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The JAA has released a list of "reputable" diamond grading laboratories to help retailers fight diamond over-grading
The JAA has released a list of "reputable" diamond grading laboratories to help retailers fight diamond over-grading

Diamond grading furore continues; ‘approved’ lab list released

In the wake of international controversy surrounding the “over-grading” of diamonds, the JAA has published a list of “approved” laboratories while the World Federation of Diamond Bourses has stepped into the debate with a call for action.

The Jewellers Association of Australia (JAA) has taken steps to improve consumer confidence in diamond grading by publishing a list of six “approved” diamond grading laboratories.

Selwyn Brandt, JAA president
Selwyn Brandt, JAA president

The Jewellers Association of Australia (JAA) has taken steps to improve consumer confidence in diamond grading by publishing a list of six “approved” diamond grading laboratories.

The list endorses only two Australian operations, and while it has recognised four international laboratories, no New Zealand operator has been given a stamp of approval.

More importantly, the operations of European Gemological Laboratories (EGL) – the international business at the heart of the “over-grading” controversy – does not appear on the JAA’s list, which was devised in conjunction with the new National Industry Advisory Council.

The list of endorsed laboratories will assist JAA members in abiding by the JAA Code of Conduct, which states that members must provide a grading certificate from a “reputable” diamond grading laboratory for loose or set diamonds weighing one carat or more.

In addition, the list of six approved labs will be used as a reference point when dealing with consumer complaints.

Background reading: Can a diamond have two grades? Yes says “court”

The subjective nature of diamond grading was recently brought to international attention after online diamond trading platform RapNet – part of Rapaport Group – announced it would no longer display diamond grading reports issued by any EGL branches.

A company statement cited concerns that EGL was using the Gemological Institute of America’s (GIA’s) grading terminology while applying alternative grading standards to overstate the quality of a diamond.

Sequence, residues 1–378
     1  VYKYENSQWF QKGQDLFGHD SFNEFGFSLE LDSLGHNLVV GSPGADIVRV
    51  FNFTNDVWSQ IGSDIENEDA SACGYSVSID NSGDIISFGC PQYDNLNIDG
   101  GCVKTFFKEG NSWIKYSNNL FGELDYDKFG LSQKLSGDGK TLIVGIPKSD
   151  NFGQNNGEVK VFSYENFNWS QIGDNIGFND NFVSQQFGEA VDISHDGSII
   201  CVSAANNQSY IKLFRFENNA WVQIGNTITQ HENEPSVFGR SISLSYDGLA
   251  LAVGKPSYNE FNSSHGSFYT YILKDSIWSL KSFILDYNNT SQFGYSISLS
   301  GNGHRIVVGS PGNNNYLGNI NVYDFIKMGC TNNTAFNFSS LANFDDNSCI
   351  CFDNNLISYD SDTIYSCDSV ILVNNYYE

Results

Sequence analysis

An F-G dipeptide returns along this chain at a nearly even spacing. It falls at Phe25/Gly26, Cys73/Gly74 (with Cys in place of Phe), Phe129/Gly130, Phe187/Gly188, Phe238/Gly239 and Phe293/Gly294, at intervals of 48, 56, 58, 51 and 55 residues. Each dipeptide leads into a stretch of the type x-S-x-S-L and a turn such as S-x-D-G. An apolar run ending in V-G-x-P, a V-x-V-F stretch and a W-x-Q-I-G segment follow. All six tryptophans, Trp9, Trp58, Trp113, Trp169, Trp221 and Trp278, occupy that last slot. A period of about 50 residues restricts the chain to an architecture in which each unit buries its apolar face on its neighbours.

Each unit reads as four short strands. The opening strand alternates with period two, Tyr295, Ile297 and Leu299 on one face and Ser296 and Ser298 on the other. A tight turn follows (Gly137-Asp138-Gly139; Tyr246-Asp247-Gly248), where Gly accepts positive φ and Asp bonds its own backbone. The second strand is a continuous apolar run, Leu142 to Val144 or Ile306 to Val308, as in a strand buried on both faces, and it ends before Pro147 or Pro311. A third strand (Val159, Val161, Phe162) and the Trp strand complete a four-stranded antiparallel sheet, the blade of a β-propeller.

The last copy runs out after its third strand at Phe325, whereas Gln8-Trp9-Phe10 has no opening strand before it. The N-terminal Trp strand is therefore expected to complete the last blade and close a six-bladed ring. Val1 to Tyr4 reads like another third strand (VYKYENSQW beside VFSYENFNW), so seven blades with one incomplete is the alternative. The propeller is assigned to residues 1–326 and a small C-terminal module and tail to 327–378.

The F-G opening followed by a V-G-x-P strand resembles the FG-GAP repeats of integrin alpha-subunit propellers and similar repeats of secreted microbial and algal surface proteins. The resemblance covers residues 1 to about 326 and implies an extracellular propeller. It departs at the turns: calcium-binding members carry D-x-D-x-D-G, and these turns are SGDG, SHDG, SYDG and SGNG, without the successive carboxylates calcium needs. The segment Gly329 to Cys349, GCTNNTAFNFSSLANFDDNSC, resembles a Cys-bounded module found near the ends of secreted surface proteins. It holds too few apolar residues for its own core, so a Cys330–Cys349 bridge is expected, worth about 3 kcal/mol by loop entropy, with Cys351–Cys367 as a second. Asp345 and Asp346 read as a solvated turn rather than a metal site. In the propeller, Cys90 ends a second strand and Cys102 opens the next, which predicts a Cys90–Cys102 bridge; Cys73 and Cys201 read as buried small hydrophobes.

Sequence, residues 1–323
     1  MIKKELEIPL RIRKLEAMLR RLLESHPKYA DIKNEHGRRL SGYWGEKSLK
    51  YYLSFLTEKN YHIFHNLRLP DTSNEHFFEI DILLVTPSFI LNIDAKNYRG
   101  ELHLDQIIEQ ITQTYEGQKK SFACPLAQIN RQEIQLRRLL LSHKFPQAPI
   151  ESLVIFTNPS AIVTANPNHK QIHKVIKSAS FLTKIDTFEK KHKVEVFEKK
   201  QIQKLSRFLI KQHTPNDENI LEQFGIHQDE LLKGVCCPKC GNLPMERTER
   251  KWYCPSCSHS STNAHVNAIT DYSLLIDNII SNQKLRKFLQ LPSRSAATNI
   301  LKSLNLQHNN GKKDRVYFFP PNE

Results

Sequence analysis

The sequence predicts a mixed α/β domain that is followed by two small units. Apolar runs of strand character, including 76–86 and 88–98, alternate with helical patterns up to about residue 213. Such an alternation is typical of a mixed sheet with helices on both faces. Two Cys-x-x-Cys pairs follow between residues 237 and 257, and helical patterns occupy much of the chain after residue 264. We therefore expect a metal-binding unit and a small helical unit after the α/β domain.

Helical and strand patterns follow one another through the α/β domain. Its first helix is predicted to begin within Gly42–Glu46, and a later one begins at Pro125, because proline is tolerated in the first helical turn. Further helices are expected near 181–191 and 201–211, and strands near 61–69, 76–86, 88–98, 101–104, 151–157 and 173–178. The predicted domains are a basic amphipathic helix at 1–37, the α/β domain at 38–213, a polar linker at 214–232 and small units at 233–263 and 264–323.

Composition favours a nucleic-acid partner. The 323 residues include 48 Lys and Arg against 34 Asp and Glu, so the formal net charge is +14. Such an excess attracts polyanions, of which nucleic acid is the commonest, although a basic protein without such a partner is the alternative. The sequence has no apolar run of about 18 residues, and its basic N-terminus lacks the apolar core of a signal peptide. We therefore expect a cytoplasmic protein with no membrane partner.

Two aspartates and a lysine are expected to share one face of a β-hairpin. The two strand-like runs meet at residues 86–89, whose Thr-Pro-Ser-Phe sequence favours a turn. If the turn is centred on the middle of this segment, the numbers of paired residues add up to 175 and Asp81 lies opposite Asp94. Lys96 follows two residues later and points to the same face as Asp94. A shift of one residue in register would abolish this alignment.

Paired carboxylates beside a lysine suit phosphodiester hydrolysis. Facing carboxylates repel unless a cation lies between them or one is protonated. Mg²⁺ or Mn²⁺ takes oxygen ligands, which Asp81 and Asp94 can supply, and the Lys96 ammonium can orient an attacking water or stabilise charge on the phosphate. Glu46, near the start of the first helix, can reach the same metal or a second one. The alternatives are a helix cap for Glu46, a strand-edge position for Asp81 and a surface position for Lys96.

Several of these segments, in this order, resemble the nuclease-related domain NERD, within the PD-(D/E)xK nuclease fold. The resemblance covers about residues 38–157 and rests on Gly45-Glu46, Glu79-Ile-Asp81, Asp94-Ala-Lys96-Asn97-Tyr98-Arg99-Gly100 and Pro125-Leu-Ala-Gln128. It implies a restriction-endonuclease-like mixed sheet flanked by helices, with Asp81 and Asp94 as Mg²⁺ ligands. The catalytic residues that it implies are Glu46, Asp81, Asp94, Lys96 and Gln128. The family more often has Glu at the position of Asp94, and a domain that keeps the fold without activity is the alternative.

Rapaport Group chairman Martin Rapaport dubbed this unethical practice “over-grading” in an editorial piece he recently issued to more than 77,000 members of the global jewellery industry.

A growing issue, locally and internationally
In publishing the list, the JAA sought to align itself with the Rapaport Group’s stance.

Colin Pocklington, JAA Code of Conduct chair
Colin Pocklington, JAA Code of Conduct chair

A growing issue, locally and internationally
In publishing the list, the JAA sought to align itself with the Rapaport Group’s stance.

“As Australia’s leading jewellery trade association, the JAA is fully supportive of the timely release of Rapaport’s report,” JAA president Selwyn Brandt commented. “The JAA recognises the need for increased transparency and honesty in the manner in which diamonds are traded and sold to consumers.”

The approved laboratories list was also expected to help address the increasing number of consumer complaints the JAA is receiving regarding over-graded diamonds.

“The [JAA] Code Committee will now rely on this list when assessing any complaints regarding diamond reports,” Code of Conduct chair Colin Pocklington said.

The JAA currently endorses the following diamond grading laboratories:

1. American Gem Society Laboratories
2. Diamond Certification Laboratory of Australia
3. Gemmological Institute of America
4. Gem Studies Laboratory
5. HRD Antwerp
6. International Gemological Institute.

Pocklington also told Jeweller that there might be a need to review and change some of the terminology currently being used in the local industry.

“There has been a shift away from the term ‘diamond grading certificate’ and towards calling them ‘reports’, so we will be looking to reflect that in the JAA’s Code of Conduct next year,” he explained.

The JAA list – as well as further information that retailers can use to help consumers understand what to expect from a diamond grading report – is available on the JAA’s website, although it was noted that the list would be subject to change.

WFDB weighs in on grading debate
The World Federation of Diamond Bourses (WFDB) announced it would soon call a meeting of all the major diamond grading laboratories to “find common ground on the way forward” to tackle the over-grading controversy.

Ernie Blom, WFDB president
Ernie Blom, WFDB president

WFDB weighs in on grading debate
The World Federation of Diamond Bourses (WFDB) announced it would soon call a meeting of all the major diamond grading laboratories to “find common ground on the way forward” to tackle the over-grading controversy.

In a statement issued on Wednesday 19 November, WFDB president Ernie Blom said, “The diamond industry is facing a serious challenge to its integrity which could lead to major consumer confidence problems, if diamonds are sold with overstated certification. I want to stress that this is an industry problem that must be resolved by the industry in order to retain consumer confidence in our product and sustain and develop the international diamond trade.

“I call on all responsible stakeholders across the world to stand together to eliminate this practice as it will harm our industry in a way that could dwarf any previous problems faced by the diamond industry,” Blom added.

THE WFDB is a global non-profit organisation that promotes consumer desirability and confidence in diamonds.

More information
JAA-endorsed diamond grading laboratories



















Saturday, 21 October, 2017 07:32pm
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